From that basic idea, the Federal Government added some additional components that remain controversial to this day. First, the law implemented a number of payment systems designed to reward quality of care, rather than quantity of care. Under the old system, if I went to the hospital, they got paid. If the hospital messed me up (say, I became wrongfully infected during my stay), and I had to return to the hospital, they got paid again (and so on). Under the new rules, they wouldn't get paid for those types of preventable readmissions, thereby giving them an incentive to improve the quality of care they provide. The law also shifted payment systems towards proactively keeping people healthy, rather than rewarding the delivery of services after someone becomes sick/injured. Prevention and wellness became much more important. The law even set up a preventive health fund aimed at improving prevention and wellness. It has become a political hot potato called an "Obamacare slush fund". Another issue involved the Federal Government recognizing that they couldn't provide subsidies to the very poor (who had no jobs to pay for any portion of their insurance policies), so they chose to expand Medicaid to cover them. The initial SCOTUS ruling in 2012 found this mandate to the States to be unconstitutional, so many States backed out (mostly citing an expectation of future costs). The Federal Government also standardized the services covered under the health insurance policies in order to force insurance companies to compete on price. Up until that point, the insurance companies didn't need to compete on price because they created customized policies for everyone, and you couldn't comparison shop because all of the policies were somewhat different (apples-to-oranges comparisons). That's why you hear people complain by saying things like "I'm a guy; I shouldn't have to pay for birth control coverage." That standardization is meant to bring down prices. Take away the standardization, and you lose the mechanism to force price competition. The Federal Government also mandated that people couldn't be excluded from policies due to pre-existing conditions. This component has pretty high public support, even to this day. The Federal Government also mandated that kids could remain on their parents' policies until 26 (presumably to get them through college and into the work force before the individual mandate kicked in for them). This component also remains fairly popular. The law also established a board whose goal was to find ways to reduce overall costs for healthcare (some politicians called them the "death panel"). The law also taxed medical device companies as a means to help pay for the subsidies. This tax has some bipartisan support for repeal. The law also moved money from Medicare to help pay for the subsidies. This was a controversial component that was played up big-time in the 2012 elections. The story there is that when a hospital sees a Medicare patient, Medicare pays the hospital a fee for that service, and the fee includes a component based on the amount of charity care the hospital provides (FYI, they also pay a fee for hospitals who are involved in graduate medical education). So, since under Obamacare you would have less uninsured (due to the individual mandate), the charity care reimbursements would decline. Since the reimbursements would decline, this source of funding would no longer be needed under Medicare, and would therefore be freed up to help people afford the insurance policies (via the subsidies). This "He/She stole from Medicare to pay for Obamacare" argument played rather well politically in a few places, but people who understood the linkage between the funding and the rate of uninsured knew that this was no big deal. The law has a number of other smaller components (after all, it is 2,000 pages long), but those are the big ones that stick out. Hope this helps.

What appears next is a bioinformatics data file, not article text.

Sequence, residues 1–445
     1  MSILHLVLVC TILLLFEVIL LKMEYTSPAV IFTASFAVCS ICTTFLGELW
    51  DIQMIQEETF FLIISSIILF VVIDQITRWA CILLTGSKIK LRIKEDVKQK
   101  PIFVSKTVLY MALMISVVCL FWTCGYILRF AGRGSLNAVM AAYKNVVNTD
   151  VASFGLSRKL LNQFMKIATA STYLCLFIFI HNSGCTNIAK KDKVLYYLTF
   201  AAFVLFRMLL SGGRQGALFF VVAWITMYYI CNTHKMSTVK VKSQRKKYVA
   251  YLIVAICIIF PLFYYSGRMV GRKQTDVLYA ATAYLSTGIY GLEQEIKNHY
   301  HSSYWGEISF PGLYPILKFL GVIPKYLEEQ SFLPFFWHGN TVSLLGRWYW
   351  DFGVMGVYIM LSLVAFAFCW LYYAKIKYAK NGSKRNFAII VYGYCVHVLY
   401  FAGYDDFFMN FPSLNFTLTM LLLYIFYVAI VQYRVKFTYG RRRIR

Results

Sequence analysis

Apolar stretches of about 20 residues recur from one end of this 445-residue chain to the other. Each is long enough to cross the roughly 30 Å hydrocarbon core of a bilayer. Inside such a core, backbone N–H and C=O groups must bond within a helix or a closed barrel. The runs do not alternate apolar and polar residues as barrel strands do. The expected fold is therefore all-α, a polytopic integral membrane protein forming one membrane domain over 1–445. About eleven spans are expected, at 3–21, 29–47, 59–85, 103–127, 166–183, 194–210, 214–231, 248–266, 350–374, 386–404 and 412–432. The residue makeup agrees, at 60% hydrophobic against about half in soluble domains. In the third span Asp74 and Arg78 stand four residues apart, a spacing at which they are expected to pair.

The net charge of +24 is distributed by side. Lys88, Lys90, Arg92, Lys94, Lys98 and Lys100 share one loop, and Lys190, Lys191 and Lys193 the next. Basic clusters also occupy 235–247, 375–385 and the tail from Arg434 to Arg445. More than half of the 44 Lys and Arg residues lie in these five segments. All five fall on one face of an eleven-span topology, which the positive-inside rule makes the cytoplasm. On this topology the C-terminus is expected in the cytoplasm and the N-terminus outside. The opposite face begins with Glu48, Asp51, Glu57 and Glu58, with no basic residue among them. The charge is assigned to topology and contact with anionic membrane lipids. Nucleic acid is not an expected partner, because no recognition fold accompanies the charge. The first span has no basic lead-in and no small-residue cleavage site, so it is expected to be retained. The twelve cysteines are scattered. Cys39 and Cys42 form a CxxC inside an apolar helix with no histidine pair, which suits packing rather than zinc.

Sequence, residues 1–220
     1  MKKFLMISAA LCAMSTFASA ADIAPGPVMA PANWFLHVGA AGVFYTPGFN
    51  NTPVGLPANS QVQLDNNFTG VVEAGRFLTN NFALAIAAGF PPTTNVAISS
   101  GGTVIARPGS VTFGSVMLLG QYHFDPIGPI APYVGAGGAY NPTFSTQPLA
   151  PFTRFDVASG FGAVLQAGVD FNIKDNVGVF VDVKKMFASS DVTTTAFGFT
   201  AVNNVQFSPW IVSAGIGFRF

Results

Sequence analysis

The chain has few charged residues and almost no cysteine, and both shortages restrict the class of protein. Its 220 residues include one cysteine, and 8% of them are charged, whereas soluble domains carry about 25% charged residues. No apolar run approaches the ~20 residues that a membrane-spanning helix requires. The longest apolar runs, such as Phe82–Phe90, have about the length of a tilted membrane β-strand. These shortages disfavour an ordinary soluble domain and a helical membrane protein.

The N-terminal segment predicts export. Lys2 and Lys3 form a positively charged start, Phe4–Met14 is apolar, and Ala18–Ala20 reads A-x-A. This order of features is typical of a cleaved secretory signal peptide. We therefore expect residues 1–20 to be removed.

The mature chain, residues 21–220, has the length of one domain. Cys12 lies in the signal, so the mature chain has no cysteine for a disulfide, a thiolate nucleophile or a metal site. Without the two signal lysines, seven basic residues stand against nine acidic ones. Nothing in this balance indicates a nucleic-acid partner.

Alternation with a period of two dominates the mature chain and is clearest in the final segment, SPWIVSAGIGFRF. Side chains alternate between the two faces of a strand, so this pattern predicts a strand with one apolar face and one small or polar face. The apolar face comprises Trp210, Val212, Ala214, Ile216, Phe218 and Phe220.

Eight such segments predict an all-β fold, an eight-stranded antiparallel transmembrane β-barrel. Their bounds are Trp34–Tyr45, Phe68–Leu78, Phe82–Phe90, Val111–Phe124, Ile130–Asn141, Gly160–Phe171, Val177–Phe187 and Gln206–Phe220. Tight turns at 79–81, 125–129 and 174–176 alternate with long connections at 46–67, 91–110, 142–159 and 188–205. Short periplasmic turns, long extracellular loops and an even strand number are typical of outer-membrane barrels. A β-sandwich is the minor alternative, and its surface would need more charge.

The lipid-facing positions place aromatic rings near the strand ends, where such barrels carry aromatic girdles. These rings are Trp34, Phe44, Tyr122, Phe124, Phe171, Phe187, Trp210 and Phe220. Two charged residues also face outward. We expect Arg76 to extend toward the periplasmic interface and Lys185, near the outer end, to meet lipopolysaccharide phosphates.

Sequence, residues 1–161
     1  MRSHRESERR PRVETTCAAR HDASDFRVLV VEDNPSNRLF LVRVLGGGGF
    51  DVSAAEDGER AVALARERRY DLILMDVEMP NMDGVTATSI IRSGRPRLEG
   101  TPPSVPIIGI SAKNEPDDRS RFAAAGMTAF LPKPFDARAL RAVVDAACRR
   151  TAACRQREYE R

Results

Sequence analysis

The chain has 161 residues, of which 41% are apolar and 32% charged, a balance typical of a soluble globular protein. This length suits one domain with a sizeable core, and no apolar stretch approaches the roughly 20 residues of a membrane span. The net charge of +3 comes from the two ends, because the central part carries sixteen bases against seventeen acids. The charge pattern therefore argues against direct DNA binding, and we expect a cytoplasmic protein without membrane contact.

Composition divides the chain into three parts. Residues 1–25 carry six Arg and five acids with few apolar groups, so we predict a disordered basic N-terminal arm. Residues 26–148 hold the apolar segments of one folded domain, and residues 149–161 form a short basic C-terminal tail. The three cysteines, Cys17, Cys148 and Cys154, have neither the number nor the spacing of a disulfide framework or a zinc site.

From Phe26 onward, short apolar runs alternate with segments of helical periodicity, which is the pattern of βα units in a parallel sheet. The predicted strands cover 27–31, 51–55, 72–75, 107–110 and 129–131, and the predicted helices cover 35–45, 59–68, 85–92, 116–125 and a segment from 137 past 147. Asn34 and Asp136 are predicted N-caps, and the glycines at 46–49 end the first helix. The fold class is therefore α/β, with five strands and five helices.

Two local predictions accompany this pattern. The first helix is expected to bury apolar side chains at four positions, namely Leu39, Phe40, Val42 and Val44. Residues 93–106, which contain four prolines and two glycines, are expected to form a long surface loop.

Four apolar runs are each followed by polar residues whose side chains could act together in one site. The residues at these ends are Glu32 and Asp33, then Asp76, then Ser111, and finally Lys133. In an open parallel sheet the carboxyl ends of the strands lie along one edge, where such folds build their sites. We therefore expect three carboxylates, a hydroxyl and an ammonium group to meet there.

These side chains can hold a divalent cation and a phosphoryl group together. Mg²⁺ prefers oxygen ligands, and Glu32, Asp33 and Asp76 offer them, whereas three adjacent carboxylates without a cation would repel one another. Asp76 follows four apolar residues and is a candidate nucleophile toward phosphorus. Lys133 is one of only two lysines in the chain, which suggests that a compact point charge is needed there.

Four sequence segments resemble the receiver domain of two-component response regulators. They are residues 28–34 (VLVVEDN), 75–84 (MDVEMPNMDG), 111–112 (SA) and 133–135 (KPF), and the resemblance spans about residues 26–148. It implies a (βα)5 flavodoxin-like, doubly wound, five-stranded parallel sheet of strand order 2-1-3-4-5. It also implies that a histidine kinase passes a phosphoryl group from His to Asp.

With all of that being said, the U.S. health system needed to change. We had increasing health costs, increasing numbers of uninsured, and declining health standing (relative to other developed countries). This law certainly wasn't perfect, but it was better than the status quo. In the absence of a perfect alternative, or any alternative for that matter, the law was passed and went into effect. So, the ball is really in the GOP's court right now. They can come up with a viable alternative, sell it to the American people, and win elections on it (and then implement it). Or, they can work with the Democrats to improve the PPACA. Simply repealing it without an alternative basically implies that they prefer the old system. I'm not a big fan of the PPACA, but it's better than going back to the past.